Crime & Courts

Alaska’s rate of violent crime continues to climb, new FBI data shows

Alaska saw the highest violent crime rate in five years in 2018, according to new crime data released Monday.

The state’s already high rate of sexual assault surged by 11% between 2017 and 2018 — nearly four times the national rate.

But property crime, and especially once-surging vehicle theft, appeared to be trending down.

The Department of Public Safety’s annual “Crime in Alaska” report uses data supplied by police departments and law enforcement agencies around the state. The FBI simultaneously released its Uniform Crime Report Monday, a national look at crime that uses the same data.

The data tracks the number of crimes reported to participating police departments representing 99.5% of Alaska’s population. A handful of small departments did not participate.

The report offers a broad look at crime in Alaska.

Among the most striking findings in the newly released data:


• A total of 1,100 rapes were reported in Alaska in 2018, as well as 88 attempted rates. The rate of 161.9 sexual assaults per 100,000 people has now reached nearly four times the national rate. That’s equivalent to a rape in Alaska about every seven hours.

• While the overall Alaska crime rate went down 4.6%, violent crimes increased 3.3%. The most common violent crime reported in Alaska was aggravated assault, followed by rape, according to the data.

• Property crime decreased. In particular, the vehicle theft rate, which had skyrocketed in recent years, went down 5.8% between 2017 and 2018. Reports of stolen vehicles still represent 12.9% of all crime reported in Alaska.

• Property crime makes up the majority of crime reported in Alaska, about 79% of overall crime. Violent crime makes up the other 21%.

• Alaska’s murder rate -- highly variable because of the relatively small numbers of offenses involved -- declined dramatically. There were 47 homicides in 2018, compared to 62 in 2017. Two-thirds of homicides involved a firearm.

• Alaska’s rate of sexual assault has dramatically increased over the past five years. The number of reported rapes has increased every year since 2014, and the rate of rape per 100,000 person population has increased by roughly one-third in the same timeframe.

[The Anchorage Daily News and ProPublica are spending the year investigating sexual violence in Alaska. Have you experienced sexual violence in Alaska? Help us tell these stories.]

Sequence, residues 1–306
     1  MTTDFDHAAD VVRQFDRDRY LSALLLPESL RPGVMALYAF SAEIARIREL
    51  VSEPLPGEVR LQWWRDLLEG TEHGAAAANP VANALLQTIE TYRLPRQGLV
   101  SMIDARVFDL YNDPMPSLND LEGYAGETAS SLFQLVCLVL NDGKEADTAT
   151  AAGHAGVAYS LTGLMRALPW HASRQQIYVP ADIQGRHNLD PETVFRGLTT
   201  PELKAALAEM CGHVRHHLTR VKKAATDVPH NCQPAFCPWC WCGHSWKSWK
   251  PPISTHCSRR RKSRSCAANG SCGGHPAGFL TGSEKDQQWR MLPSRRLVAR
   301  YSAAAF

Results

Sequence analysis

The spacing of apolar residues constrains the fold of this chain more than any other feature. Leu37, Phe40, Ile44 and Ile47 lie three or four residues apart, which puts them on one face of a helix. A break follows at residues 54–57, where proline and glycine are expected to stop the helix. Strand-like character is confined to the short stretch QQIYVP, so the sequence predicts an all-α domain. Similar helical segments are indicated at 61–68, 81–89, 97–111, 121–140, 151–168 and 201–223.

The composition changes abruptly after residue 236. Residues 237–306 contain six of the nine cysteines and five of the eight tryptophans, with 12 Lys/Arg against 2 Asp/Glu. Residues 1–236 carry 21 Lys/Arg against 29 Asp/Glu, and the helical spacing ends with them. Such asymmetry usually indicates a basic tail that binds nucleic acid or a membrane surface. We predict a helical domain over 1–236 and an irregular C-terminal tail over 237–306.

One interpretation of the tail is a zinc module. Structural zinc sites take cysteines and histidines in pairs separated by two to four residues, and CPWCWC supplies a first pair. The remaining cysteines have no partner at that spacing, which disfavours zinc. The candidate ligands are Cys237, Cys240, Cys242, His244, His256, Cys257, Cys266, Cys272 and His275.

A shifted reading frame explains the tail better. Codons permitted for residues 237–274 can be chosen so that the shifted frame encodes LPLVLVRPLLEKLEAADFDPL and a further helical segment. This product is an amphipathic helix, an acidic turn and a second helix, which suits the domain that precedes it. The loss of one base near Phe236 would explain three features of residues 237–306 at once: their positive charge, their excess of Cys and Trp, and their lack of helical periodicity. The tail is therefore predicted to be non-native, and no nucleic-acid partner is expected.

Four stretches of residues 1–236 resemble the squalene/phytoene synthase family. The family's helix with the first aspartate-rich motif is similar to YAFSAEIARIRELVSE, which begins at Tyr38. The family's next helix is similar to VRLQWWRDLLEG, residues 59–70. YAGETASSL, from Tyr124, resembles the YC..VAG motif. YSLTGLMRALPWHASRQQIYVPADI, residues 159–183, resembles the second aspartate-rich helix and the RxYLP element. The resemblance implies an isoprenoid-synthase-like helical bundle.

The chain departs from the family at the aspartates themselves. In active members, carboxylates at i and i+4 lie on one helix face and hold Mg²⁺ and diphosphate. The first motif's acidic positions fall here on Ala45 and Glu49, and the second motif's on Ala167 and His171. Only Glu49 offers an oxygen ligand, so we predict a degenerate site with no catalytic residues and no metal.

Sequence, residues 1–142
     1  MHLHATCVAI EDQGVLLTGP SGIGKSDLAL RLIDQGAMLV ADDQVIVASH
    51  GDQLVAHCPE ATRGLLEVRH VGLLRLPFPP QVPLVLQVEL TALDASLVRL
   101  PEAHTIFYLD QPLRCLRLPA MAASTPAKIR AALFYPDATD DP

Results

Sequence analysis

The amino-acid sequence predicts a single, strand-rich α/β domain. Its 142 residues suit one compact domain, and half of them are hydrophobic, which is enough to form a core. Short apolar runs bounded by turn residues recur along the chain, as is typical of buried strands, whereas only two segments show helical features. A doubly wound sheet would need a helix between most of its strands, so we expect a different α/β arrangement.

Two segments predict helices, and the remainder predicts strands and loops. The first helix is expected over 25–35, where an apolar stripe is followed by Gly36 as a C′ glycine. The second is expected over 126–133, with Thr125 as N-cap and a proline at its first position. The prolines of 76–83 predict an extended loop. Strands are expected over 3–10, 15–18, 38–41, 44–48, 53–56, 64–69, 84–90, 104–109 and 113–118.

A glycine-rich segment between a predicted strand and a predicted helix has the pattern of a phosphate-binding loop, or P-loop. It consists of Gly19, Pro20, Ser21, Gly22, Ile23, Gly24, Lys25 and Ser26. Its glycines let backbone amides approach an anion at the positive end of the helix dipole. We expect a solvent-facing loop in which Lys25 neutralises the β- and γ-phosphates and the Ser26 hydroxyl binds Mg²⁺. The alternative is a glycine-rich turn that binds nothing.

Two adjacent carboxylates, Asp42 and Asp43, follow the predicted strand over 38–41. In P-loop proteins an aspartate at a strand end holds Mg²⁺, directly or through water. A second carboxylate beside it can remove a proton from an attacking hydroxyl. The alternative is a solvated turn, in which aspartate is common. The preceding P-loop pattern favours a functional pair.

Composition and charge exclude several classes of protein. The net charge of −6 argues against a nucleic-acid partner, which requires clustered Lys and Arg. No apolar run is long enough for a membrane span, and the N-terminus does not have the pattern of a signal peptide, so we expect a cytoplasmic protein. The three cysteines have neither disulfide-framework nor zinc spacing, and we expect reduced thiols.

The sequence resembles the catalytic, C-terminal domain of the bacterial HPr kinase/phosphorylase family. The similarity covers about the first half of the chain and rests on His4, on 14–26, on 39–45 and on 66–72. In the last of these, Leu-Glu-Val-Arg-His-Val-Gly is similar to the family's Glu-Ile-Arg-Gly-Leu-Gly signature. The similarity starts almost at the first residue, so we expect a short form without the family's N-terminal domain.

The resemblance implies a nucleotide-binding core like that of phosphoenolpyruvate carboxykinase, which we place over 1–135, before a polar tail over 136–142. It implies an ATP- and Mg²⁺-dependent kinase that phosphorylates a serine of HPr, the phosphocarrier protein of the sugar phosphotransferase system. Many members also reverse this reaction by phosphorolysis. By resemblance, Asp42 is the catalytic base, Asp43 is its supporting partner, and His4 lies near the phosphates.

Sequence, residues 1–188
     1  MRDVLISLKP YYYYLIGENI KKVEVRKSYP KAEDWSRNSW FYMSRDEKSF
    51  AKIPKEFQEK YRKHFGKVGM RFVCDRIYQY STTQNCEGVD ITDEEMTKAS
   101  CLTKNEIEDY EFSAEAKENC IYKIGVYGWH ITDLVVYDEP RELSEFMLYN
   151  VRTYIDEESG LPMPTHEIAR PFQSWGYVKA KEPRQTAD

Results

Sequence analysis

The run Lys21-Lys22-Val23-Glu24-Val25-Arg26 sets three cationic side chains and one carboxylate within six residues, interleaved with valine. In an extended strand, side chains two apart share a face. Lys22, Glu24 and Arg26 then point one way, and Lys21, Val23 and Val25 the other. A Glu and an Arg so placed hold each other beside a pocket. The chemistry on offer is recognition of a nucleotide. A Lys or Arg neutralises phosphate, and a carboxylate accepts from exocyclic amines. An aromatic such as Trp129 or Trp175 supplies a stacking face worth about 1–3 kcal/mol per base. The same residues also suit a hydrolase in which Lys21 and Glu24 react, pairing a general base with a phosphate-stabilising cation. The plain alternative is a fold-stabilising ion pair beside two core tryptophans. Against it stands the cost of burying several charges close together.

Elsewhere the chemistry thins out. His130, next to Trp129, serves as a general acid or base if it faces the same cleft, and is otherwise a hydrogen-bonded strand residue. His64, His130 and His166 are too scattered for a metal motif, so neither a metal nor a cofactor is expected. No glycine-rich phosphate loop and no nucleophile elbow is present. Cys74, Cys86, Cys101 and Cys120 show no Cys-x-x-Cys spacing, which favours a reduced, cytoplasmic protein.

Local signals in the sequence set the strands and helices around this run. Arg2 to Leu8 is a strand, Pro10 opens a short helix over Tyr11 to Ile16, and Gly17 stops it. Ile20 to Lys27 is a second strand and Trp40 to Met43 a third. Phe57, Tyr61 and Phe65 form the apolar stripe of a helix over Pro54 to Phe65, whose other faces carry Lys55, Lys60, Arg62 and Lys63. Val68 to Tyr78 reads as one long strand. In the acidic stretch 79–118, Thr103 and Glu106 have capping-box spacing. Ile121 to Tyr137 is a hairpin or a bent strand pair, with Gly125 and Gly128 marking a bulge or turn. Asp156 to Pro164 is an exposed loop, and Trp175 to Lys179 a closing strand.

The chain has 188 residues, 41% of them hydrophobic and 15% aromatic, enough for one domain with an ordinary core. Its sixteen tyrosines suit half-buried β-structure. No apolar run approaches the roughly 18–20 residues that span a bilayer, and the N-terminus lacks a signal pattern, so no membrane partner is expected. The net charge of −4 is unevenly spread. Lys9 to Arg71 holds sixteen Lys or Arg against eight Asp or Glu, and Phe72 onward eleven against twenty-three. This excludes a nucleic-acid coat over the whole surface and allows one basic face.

About 97% of people arrested for rape in 2018 were male. About 23% of those arrested for a sexual offense were juveniles, according to the data.

The surge in reports of rape tracks with what advocates around the state are seeing, said Keeley Olson, the executive director of the Anchorage nonprofit Standing Together Against Rape.

STAR provided “more services in fiscal year 2018 than in any year in the history of our program,” Olson.

She pointed to a 70% increase in office visits, a 20% increase in statewide crisis line calls and a “startling” uptick in calls for help with SART kits, used to collect evidence directly after a sexual assault report. At the same time, the number of individual clients — between 1,000 and 1,400 per year — has remained steady.

The numbers released Monday are shocking, Olson said. But it could be that more victims are seeking to report sexual assault to authorities than in the past, Olson said.

The UCR data counts the number of assaults reported to authorities.

“With all of the media attention to sexual assault in our state as well as the Me Too movement all happening, we have to take into consideration that people just have a growing expectation that they will be heard,” Olson said. “I only hope I’m right, that it is not more violence being incurred.”

Michelle Theriault Boots

Michelle Theriault Boots is a longtime reporter for the Anchorage Daily News. She focuses on in-depth stories about the intersection of public policy and Alaskans' lives. Before joining the ADN in 2012, she worked at daily newspapers up and down the West Coast and earned a master's degree from the University of Oregon.